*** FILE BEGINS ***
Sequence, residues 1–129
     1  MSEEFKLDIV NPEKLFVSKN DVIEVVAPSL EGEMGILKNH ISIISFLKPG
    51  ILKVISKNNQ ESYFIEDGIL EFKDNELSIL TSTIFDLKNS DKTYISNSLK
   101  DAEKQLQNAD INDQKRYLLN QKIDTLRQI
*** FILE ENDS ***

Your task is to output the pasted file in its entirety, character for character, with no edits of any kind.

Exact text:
Sequence, residues 1–129
     1  MSEEFKLDIV NPEKLFVSKN DVIEVVAPSL EGEMGILKNH ISIISFLKPG
    51  ILKVISKNNQ ESYFIEDGIL EFKDNELSIL TSTIFDLKNS DKTYISNSLK
   101  DAEKQLQNAD INDQKRYLLN QKIDTLRQI